Abstract : E.5
Explaining the large drying ratios observed in flow over Patagonia

Daniel J. Kirshbaum, Ronald Smith
daniel.kirshbaum@yale.edu
Yale University

Recent observations suggest that, in orographic precipitation events over the Patagonia region of South America, airstreams may on average lose around 50% of their water content as they sweep eastward across the mountainous landscape. By contrast, analogous observations over the comparably sized Sierra Nevada range in California suggest a substantially smaller moisture loss (~30%). Deciphering the physical mechanisms responsible for such differences in drying ratio (the ratio of the vertically integrated flux of water vapor downstream of the ridge to that upstream) is vital for explaining the larger-scale impacts of orographic precipitation and the response of mountainous terrain and regional hydrology to climate change.

Useful insights into this issue may be drawn from previous studies examining the effects of certain physical processes (e.g., flow blocking, mountain waves, latent heating, embedded convection, etc.) on orographic precipitation amounts and distributions. However, in realistic orographic flows where many such processes simultaneously interact, a full understanding is only provided when all of these processes are considered in conjunction. To this end, we perform a series of high-resolution simulations of moist flows impinging on an idealized mountain ridge.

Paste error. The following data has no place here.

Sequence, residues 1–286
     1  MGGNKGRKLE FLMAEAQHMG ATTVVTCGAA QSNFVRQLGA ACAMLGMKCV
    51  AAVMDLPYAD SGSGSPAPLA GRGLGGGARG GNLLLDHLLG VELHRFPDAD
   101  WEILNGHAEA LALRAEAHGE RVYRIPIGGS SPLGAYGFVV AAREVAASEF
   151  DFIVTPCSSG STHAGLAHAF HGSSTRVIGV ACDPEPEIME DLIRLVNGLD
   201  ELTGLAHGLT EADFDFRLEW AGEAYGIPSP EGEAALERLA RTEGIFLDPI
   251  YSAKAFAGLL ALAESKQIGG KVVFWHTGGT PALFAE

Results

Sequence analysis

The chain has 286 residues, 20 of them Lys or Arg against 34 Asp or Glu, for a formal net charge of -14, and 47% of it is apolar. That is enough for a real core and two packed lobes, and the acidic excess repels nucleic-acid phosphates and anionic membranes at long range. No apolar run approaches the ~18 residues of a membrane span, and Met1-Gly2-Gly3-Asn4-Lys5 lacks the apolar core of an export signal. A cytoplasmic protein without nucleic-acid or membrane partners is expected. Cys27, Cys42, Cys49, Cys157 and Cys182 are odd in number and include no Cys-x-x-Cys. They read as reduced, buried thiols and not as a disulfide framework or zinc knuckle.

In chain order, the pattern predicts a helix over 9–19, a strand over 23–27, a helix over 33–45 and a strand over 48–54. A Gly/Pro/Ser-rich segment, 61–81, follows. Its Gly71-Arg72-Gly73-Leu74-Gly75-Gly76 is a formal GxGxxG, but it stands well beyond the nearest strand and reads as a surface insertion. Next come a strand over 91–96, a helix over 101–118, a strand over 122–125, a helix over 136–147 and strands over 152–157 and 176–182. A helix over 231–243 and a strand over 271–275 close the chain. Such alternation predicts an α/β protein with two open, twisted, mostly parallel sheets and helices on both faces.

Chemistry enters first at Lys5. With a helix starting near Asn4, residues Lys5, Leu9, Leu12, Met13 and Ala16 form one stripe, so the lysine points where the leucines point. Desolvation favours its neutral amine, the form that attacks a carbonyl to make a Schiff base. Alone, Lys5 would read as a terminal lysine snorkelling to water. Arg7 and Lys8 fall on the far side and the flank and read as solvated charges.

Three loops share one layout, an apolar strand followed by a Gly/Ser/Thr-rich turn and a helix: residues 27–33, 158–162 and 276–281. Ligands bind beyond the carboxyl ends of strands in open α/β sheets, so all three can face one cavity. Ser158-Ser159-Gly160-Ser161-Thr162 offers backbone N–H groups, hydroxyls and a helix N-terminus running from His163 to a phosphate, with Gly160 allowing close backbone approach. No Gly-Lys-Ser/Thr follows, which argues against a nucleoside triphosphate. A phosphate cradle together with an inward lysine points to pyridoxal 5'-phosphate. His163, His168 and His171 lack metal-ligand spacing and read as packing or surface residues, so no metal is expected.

Initialized with a family of upstream soundings from observed orographic precipitation events over the Patagonia region, these simulations resolve the influences of numerous processes across a range of physical and temporal scales. In doing so, they allow us to identify the physical parameters that most strongly control the drying ratio in realistic orographic flows past midlatitude mountain ridges. Insights from the simulations help us to explain why some mountain ranges are more effective than others at removing moisture from the incident flow and increasing the drying ratio.